'Always under-promise, but over-deliver'

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Editor's note: This Practice Builder was contributed by Marcelo Oberto, veterinarian and nutritionist from Ft. Wayne, Ind.


Complexities of the dairy business and the current economic crisis have created new challenges for consultants to focus on the real value our clients are looking for.

When I graduated from veterinary school and went back to the family dairy, I realized that we needed a better nutritionist instead of an on-farm vet. That is when I decided to study animal nutrition and become a consultant.

I was adding value to my career by entering a new field of work that would open another door of opportunities.

As consultants, we face the challenge of pursuing new business, and then being able to keep it for as long as we can. This implies creativity, and many struggle to develop it, which creates a high turnover rate for consultants on farms.

In my practice, it has helped me a lot to identify the personality of my clients and prospects in order to adapt myself to them and be able to deliver what they really want. And, in many cases, it is not high production, healthy cows or cheaper feed costs.

Just recently, I created value for a client who was under a lot of pressure to secure his corn-silage needs for the coming year. This is a 2,000-cow dairy that purchases all of its feedstuffs, and the crop farmer the dairy buys from was demanding half of the money up-front in order to fill up the bunker.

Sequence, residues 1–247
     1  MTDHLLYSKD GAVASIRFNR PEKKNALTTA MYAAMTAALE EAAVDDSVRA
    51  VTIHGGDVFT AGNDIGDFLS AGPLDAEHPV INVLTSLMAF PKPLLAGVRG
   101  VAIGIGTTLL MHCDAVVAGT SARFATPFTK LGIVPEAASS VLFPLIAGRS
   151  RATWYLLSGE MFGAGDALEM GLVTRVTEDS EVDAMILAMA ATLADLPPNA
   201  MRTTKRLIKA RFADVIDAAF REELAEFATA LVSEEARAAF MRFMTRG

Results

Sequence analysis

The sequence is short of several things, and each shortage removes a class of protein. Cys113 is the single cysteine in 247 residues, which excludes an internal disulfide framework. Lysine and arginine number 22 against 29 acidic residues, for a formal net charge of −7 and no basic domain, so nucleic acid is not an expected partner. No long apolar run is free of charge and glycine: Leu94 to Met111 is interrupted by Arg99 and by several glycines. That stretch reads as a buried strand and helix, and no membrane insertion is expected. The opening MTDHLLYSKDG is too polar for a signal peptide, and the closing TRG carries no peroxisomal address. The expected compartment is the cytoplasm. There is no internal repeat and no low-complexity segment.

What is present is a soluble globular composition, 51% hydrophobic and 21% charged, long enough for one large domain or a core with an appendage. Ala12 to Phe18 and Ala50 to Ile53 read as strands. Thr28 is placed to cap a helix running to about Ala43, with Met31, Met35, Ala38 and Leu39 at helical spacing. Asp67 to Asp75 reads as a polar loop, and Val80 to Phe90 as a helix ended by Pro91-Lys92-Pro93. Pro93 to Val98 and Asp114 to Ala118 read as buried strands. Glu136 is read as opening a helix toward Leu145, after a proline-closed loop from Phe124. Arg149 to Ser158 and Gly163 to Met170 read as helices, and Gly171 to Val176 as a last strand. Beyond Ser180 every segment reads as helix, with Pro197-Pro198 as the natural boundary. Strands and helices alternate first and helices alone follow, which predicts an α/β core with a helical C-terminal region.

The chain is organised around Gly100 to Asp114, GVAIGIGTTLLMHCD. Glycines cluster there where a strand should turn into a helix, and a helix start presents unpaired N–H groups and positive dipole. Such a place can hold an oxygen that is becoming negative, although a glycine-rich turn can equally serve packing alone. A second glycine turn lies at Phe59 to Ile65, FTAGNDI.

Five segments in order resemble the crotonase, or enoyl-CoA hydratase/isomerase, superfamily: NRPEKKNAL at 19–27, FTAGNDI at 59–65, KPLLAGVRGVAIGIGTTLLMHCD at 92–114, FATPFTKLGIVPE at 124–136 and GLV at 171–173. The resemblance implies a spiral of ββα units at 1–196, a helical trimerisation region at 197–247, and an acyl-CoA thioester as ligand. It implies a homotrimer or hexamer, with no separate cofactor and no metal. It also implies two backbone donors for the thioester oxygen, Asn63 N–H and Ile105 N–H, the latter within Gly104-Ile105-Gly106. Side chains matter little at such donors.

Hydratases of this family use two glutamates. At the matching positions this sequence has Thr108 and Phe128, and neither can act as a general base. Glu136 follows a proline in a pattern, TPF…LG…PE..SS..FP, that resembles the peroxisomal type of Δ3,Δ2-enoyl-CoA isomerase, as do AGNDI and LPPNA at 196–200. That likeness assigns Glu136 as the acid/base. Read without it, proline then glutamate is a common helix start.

At the same time, another dairy client was telling me that he would make more money by selling corn silage than shelling his extra corn. After thinking for a while, I proposed the idea to both of them that one client — the one looking for corn silage — would buy it on a weekly basis, paying a week's worth ahead of time out of his cash flow and my other client would deliver the corn silage on a daily basis from his bunker.

After closing the deal, I realized that I created more value for both of my clients than I ever had before. The client buying the corn silage is in a lot better situation now to fight this crisis than a month ago, and my client selling corn silage is going to have the extra return he was looking for.

Creating value often sounds easier than it actually is. My rule-of-thumb is to always under-promise, but over-deliver, thus providing the value my customers need, which means they will recognize, appreciate and ultimately reward me.

At the end, this is a business of personal relationships where you will create value if you show your clients that you really care for them, their money, their risks, their time and their families.

Respected investor and multi-billionaire Warren Buffet once said, "Price is what you pay, value is what you get."



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